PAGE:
Pseudonym of UK lawyer and author Cecil William Mercer (1885-1960), Saki's first cousin; in active service during World War One, 1914-1917, and in World War Two; in France and Africa from the early 1920s. Some short stories in his well-known and once very popular Berry sequence of English social comedies contain fantasy elements, including dowsing (see ESP), dream-portents and Precognition; some titles in the linked Chandos sequence have a Ruritanian air. Both Anthony Lyveden (1921) and Valerie French (1923), which are standalone novels, contain supernatural elements.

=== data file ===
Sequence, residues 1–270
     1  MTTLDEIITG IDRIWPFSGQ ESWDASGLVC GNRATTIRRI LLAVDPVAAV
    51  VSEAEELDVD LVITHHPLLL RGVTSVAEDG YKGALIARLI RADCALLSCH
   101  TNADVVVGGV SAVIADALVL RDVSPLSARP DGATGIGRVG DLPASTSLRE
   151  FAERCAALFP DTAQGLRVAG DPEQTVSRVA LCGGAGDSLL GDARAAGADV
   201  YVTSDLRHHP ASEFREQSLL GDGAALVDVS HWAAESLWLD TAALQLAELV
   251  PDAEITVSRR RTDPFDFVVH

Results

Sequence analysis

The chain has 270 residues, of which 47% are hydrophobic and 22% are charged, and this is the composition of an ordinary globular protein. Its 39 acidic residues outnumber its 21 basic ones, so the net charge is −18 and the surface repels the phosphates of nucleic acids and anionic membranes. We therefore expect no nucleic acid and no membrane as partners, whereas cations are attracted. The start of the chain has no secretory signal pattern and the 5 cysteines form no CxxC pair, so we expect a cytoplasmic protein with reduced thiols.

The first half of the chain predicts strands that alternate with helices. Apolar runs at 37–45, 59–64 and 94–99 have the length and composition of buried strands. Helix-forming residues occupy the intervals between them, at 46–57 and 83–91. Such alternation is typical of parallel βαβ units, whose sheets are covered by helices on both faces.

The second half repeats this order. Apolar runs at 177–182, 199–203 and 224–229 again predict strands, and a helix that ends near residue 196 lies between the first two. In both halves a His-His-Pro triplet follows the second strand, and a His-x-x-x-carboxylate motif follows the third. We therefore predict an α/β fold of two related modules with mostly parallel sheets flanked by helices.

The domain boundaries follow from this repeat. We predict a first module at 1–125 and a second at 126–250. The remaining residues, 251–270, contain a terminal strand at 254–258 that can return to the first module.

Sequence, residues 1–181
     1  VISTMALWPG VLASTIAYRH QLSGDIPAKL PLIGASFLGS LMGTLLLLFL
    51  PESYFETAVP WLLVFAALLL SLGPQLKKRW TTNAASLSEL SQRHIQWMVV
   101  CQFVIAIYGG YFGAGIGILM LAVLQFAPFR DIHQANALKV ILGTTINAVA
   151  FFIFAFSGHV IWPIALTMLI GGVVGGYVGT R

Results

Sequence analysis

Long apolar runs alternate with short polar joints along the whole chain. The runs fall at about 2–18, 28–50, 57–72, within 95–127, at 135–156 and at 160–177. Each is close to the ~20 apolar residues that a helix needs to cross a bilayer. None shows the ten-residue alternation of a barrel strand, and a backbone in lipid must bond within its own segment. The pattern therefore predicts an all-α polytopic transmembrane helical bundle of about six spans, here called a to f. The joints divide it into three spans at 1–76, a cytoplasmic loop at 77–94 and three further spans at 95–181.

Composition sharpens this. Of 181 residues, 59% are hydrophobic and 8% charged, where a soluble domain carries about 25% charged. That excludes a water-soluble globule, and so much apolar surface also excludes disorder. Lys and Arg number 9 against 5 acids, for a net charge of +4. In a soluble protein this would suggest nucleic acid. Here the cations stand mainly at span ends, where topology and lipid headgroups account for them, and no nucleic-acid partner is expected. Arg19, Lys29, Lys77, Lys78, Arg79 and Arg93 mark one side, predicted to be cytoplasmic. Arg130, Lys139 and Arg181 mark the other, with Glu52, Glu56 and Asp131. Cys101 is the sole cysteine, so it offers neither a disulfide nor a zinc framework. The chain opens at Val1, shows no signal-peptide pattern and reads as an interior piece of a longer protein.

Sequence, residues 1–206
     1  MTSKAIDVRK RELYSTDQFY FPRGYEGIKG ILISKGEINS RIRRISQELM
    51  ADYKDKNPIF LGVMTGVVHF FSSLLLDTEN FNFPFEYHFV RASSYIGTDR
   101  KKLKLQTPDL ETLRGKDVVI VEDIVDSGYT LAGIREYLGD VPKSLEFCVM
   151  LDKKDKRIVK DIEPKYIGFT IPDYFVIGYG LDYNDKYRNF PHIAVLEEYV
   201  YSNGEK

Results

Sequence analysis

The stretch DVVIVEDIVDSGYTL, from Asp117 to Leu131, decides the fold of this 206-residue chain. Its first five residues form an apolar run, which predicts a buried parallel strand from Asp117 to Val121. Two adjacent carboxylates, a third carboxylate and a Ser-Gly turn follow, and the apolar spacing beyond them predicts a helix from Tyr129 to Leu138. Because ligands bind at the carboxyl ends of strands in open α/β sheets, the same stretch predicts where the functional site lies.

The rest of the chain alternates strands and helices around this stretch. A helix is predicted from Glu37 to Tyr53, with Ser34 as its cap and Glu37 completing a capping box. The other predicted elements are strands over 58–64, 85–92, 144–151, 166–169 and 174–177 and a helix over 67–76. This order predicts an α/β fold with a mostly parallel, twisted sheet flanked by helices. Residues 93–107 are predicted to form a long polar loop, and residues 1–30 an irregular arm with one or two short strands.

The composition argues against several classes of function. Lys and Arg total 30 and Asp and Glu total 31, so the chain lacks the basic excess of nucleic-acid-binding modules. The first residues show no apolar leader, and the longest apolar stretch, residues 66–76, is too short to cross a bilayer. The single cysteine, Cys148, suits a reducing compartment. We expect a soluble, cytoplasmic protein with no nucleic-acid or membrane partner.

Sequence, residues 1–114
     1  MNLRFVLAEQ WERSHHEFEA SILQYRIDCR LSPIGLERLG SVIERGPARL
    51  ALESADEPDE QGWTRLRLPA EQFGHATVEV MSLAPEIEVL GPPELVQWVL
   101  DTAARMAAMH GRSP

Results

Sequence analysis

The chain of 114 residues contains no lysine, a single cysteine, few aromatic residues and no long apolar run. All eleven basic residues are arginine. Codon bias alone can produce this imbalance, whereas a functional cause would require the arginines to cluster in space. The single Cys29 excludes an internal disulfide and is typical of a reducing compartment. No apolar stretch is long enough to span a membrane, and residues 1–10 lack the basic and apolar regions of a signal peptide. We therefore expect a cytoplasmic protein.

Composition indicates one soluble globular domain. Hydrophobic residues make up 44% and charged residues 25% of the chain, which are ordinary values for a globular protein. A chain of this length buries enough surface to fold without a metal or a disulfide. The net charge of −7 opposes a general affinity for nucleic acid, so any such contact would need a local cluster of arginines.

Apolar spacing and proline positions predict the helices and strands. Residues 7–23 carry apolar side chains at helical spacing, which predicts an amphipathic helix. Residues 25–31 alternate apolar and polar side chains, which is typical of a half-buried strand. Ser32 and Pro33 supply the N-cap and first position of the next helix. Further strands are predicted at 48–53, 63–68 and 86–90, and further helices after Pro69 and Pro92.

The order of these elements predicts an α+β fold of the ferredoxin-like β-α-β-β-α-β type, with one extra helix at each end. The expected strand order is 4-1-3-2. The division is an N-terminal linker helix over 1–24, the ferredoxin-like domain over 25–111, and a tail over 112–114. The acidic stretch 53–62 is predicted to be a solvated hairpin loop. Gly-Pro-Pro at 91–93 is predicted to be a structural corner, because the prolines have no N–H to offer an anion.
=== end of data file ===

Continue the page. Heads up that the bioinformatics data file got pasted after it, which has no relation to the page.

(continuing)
The standalone novel The Stolen March (1926) is a Lost World tale whose modest sf element – the Ruritanian kingdom of Etchechuria, between Spain and France, is hidden by compass-jamming magnetic mountains – soon devolves into Fantasy as the place turns out to be a kind of comic fairyland that echoes children's books – in particular the verbal whimsy and logic-chopping of Lewis Carroll's Alice tales – with the traditional panoply of magic devices, including Invisibility, Transmutation of base metals into gold, and unwelcome metamorphoses for those who break the highly arbitrary rules. [JC/DRL]
Cecil William Mercer
born Upper Walmer, Kent: 7 August 1885
died Umtali, Southern Rhodesia: 5 March 1960
works (highly selected)
collections and stories
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